This program came at an opportune time in my life. I was just about to graduate from campus when that beautiful email of successful selection for the program hit my phone. Campus transitions are not the easiest for most because it sometimes comes with a lot of uncertainties and the “what is next” question. Anyone who has been there can relate to the relief I had for having something to look forward to after graduation – GIPro. Fast forward, the program kicked off and I got deployed at the Department of Interior and Citizen Services, Civil Registry Services (CRS), Thika Town. The department specifically deals with birth  and death certificates within Thika. Though it wasn’t in line with my career, I chose to do it and serve the citizens of this great country.

It is almost 10 months now since I began working at the CRS, and I can say it has come with a lot of different experiences that have really shaped and informed my thinking and character. At first I didn’t know what to expect but slowly the realities of the work space started unfolding as I reported each day of the week at work. It dawned on me that the department is a very busy one and the clients arrive way earlier to queue every morning for services and the pattern continues until it’s time to close. You can barely hold the count of time! This was my first game changer and when my respect for civil servants increased. I changed the perception I had about public offices, especially those that offer services directly to many people on a daily basis like the civil registry. I realized there is a lot that happens behind the scenes, that an impatient client waiting on the other side of the counter may not understand. It takes a dedicated heart of service combined with a positive attitude towards work to do this daily, and serve the different kinds of people coming to seek services. I had to wear this heart daily and with time it became a part of me; it meant having to learn patience and put emotions aside, most of the time.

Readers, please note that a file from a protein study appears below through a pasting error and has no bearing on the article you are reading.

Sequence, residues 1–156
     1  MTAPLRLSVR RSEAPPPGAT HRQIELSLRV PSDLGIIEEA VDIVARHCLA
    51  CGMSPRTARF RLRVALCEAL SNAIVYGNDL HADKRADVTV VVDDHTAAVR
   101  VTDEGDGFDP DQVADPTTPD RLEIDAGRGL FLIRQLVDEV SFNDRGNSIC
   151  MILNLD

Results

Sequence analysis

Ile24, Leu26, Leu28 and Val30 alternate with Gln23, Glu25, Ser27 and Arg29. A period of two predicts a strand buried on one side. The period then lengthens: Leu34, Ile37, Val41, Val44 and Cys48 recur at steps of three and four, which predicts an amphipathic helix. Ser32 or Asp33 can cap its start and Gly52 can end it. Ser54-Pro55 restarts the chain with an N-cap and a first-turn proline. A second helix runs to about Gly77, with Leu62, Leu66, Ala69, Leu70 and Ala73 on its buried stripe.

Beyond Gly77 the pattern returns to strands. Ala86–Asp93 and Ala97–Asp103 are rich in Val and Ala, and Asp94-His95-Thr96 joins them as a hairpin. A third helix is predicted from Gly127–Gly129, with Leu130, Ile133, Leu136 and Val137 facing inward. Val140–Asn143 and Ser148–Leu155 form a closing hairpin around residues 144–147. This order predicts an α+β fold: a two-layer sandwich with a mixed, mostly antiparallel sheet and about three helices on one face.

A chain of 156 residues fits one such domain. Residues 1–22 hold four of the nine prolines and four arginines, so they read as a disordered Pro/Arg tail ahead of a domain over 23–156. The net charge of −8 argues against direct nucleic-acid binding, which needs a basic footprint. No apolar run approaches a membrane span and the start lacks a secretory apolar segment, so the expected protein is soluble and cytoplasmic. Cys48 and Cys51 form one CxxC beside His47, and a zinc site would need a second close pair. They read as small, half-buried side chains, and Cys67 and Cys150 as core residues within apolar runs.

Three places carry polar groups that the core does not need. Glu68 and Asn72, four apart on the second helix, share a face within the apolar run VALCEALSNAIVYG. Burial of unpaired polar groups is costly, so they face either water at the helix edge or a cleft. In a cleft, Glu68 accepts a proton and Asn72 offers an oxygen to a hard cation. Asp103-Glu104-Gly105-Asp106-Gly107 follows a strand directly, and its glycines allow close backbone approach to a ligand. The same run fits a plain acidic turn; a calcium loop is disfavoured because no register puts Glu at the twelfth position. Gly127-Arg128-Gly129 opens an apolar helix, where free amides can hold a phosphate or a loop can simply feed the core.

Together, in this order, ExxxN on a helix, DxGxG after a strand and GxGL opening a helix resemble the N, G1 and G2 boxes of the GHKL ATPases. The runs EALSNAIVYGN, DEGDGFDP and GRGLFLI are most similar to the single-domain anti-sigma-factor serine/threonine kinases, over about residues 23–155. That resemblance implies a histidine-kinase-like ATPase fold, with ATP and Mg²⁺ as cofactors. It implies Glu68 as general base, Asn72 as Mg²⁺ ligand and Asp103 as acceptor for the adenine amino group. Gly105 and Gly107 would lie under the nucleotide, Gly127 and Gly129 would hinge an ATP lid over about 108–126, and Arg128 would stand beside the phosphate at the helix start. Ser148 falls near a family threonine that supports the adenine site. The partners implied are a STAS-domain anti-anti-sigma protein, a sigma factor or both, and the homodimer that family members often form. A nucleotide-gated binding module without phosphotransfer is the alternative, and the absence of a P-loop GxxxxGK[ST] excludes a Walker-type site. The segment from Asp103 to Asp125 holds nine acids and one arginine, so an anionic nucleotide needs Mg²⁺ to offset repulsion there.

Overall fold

What has kept me going this far irrespective of the workload and busyness at the office  is the fulfillment I get at the end of the day – that every client who  visited us today went home with a certificate and with  satisfaction.  I make every day count by giving my best and this sometimes calls for me to stretch beyond the average daily applications I help process. It’s been a certificate a day for me, for that child who needs it for hospital admission or for school registration purposes or for traveling or for any other national reasons. That gives me fulfillment to keep showing up knowing that it takes my diligence at work to meet all these needs and it highly counts.